The end-of-year appeals to our better angels are flooding inboxes: Give to the charity that supports orphans. Or feeds the hungry. Or doles out eyeglasses. Or supports the arts.
While that’s typical, one thing definitely is not: 2020.
The pandemic-inspired CARES Act, passed in the spring, includes four temporary tax changes that make it easier for individuals and businesses to donate to good causes this year, the U.S. Internal Revenue Service says. There are some limits, but here’s the broad outline:
Don’t usually itemize? Typically, that means you can’t deduct your giving — but not this year. Cash contributions to bona fide charities — including donations made by check, credit card or debit card, as well as for out-of-pocket expenses related to volunteer work — can be deducted on 2020 income tax returns for folks who take the standard deduction, the IRS said. That means about nine in 10 taxpayers who take the standard deduction could qualify.
Incentive for itemizers who use Form 1040 or 1040-SR? In normal times, givers can only claim deductions for donations that are 20-60% of adjusted gross income. But this year, that limit has been hiked to 100% of adjusted gross income.
Business giving back? Usually, the maximum allowable deduction for cash donations by corporations is 10% of taxable income. That’s increased to 25% for 2020. And for businesses donating food inventory, which is usually capped at 15% of taxable income, the ceiling has been increased to 25% for many.
Here’s some expert advice for tender-hearted givers from the IRS, California secretary of state, Charity Navigator and Guidestar:
- Make sure the organization you want to support is really a charity. Scammers are eager to grab your money. Check if the organization is “exempt,” in IRS terms, by searching at https://apps.irs.gov/app/eos/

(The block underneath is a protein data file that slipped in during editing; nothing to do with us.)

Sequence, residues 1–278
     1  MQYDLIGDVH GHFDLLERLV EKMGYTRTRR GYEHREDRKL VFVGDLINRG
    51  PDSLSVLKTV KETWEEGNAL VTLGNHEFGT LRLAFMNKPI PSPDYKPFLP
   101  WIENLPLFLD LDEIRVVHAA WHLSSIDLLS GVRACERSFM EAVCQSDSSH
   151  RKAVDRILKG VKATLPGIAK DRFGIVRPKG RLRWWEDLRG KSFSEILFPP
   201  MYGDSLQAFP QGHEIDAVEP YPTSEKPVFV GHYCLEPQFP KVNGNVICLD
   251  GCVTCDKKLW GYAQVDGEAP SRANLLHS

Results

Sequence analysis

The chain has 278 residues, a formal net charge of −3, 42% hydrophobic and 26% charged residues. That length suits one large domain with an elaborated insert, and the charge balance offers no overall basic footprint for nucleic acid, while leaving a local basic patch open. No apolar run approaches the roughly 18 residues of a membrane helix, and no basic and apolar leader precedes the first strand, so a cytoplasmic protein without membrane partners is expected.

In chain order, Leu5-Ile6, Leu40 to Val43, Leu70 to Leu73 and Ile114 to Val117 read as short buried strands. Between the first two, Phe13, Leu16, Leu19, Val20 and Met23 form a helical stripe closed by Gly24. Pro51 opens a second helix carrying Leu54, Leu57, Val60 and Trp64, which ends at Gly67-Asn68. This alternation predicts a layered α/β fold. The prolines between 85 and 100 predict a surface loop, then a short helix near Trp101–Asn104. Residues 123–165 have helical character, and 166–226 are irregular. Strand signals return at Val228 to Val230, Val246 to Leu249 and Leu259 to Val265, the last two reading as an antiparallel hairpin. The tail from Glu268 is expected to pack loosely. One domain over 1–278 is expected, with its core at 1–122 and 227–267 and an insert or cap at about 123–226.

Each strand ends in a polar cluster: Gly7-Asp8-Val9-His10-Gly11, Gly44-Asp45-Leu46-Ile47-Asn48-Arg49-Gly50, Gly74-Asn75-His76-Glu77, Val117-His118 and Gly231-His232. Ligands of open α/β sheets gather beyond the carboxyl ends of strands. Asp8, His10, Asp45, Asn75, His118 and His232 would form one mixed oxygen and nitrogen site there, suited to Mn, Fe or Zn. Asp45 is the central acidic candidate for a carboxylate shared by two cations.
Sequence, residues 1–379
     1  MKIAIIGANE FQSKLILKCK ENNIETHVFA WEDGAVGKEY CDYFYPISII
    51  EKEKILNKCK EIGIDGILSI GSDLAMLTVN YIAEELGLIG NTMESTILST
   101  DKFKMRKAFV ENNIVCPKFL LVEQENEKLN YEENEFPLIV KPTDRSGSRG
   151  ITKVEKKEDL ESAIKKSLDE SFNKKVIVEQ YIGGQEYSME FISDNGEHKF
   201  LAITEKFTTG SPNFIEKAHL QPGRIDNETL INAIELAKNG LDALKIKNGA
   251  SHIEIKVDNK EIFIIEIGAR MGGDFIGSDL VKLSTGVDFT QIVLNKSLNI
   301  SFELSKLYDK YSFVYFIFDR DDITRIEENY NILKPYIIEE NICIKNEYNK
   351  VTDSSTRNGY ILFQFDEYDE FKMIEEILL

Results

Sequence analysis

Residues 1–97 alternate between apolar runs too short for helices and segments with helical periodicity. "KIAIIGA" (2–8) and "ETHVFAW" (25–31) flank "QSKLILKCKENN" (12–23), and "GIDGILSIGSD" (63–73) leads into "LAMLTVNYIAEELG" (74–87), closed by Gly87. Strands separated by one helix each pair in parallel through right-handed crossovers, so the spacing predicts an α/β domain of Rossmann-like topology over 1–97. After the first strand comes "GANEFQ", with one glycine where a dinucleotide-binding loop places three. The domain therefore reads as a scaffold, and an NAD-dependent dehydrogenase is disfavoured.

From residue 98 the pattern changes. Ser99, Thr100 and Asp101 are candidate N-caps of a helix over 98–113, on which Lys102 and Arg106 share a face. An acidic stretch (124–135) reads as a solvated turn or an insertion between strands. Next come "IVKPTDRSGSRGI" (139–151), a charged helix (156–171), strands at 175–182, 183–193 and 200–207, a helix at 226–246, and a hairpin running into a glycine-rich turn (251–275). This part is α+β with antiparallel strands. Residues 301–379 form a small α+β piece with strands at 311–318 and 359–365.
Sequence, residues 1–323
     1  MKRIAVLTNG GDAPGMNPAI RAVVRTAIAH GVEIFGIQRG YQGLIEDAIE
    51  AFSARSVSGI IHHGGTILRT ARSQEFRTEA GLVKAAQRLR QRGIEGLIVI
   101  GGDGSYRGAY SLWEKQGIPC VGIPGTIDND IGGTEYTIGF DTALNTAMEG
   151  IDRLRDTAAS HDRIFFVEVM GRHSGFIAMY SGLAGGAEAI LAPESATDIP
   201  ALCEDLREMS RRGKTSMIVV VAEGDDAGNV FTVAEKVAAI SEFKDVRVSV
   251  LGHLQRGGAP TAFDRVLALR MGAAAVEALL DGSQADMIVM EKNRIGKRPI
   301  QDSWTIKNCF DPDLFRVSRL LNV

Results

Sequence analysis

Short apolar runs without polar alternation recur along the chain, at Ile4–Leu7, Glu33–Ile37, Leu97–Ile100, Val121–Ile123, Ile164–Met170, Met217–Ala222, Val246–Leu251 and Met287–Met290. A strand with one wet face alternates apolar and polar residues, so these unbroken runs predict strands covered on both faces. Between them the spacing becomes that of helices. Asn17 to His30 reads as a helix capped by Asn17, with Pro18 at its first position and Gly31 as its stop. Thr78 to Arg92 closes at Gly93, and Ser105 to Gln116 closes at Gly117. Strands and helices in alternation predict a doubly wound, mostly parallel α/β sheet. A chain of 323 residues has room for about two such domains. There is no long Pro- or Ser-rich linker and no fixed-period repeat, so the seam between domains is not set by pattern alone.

- Get the biggest bang for your buck by giving to charities that maximize the use of every dollar. The most efficient spend at least 75% of their budgets on programs and services, with the remaining 25% on administrative and fundraising costs. Charity Navigator does the math for you for many organizations. Guidestar.org has info as well.
- Choose charities where the CEO is reasonably compensated: Just as Wall Street salaries have come under fire, nonprofit CEO compensation has become a lightning-rod issue as well. You’ll find that information at Charity Navigator and Guidestar as well.
- Donate online: Contributions by Internet are one of the cheapest ways for nonprofits to receive donations. You can donate online at many charities’ websites.
- Avoid charities that won’t share information or that pressure you. Reputable nonprofits will discuss their programs and finances freely, don’t use pressure tactics, are willing to send you literature about their work or direct you to a website, and will take “no” for an answer.
- Keep good records! That means receipts, acknowledgment letters, canceled checks and/or credit card receipts. For donations of goods, additional record-keeping rules may apply.
For more information about coronavirus-related tax relief, see IRS.gov/coronavirus.
Source: Orange County Register